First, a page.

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The Cases For And Against Cuts To Jobless Benefits

Unemployment lines
Wikimedia
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North Carolina lawmakers voted last year to end long-term unemployment benefits.

The move meant the state stopped accepting money from the federal government for workers who had been out of a job for 20 weeks or more. Legislators said they made the change in order to start paying down more than $2 billion in jobless benefits the state already owed to the federal government.

The change also cut the maximum amount on weekly checks and shortened the time an individual may receive benefits. Proponents said the cuts would encourage unemployed workers to find jobs while opponents said it would hurt those workers and slow down the economic recovery. And both sides say their predictions have come true. But some economists say there’s no evidence either way.

Guest host Phoebe Judge talks with Justin Wolfers, senior fellow at the Brookings Institution and author of a recent New York Times article, “North Carolina’s Misunderstood Cut in Jobless Benefits"; John Hood, president of the John Locke Foundation; and Alexandra Sirota, director of the Budget and Tax Center at the North Carolina Justice Center.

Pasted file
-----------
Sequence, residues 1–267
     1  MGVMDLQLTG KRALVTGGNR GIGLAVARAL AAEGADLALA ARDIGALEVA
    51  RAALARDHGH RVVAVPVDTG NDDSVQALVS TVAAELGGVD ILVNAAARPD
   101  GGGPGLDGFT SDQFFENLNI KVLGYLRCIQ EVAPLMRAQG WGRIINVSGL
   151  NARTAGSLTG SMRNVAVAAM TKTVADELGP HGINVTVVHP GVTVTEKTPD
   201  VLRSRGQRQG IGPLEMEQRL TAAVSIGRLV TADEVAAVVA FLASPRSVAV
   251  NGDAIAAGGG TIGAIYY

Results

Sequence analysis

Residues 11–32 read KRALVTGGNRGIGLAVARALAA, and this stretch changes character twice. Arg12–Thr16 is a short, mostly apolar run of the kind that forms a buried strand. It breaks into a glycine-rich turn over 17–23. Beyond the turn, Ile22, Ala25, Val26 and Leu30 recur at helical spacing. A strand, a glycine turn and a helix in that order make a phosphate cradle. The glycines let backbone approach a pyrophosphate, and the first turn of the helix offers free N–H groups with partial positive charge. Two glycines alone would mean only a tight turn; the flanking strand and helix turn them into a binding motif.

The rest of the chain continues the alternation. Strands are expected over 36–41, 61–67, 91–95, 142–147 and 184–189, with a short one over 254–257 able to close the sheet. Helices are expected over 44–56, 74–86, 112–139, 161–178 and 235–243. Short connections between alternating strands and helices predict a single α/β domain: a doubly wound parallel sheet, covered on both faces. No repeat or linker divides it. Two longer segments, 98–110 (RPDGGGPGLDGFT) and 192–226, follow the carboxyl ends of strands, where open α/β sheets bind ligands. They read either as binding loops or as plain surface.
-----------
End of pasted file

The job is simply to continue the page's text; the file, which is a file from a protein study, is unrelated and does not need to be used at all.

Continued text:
Hood wrote a column for the Wall Street Journal, arguing North Carolina's policy changes have helped the state's economy.

Sirota recently wrote a report for the North Carolina Justice Center that says cuts to unemployment insurance are threatening the economy.

Will Michaels is WUNC's General Assignment Reporter and fill-in host for "Morning Edition"
Phoebe Judge is an award-winning journalist whose work has been featured on a numerous national radio programs. She regularly conducts interviews and anchors WUNC's broadcast of Here & Now. Previously, Phoebe served as producer, reporter and guest host for the nationally distributed public radio program The Story. Earlier in her career, Phoebe reported from the gulf coast of Mississippi. She covered the BP oil spill and the aftermath of Hurricane Katrina for Mississippi Public Broadcasting and National Public Radio. Phoebe's work has won multiple Edward R. Murrow and Associated Press awards. Phoebe was born and raised in Chicago and is graduate of Bennington College and the Salt Institute for Documentary Studies.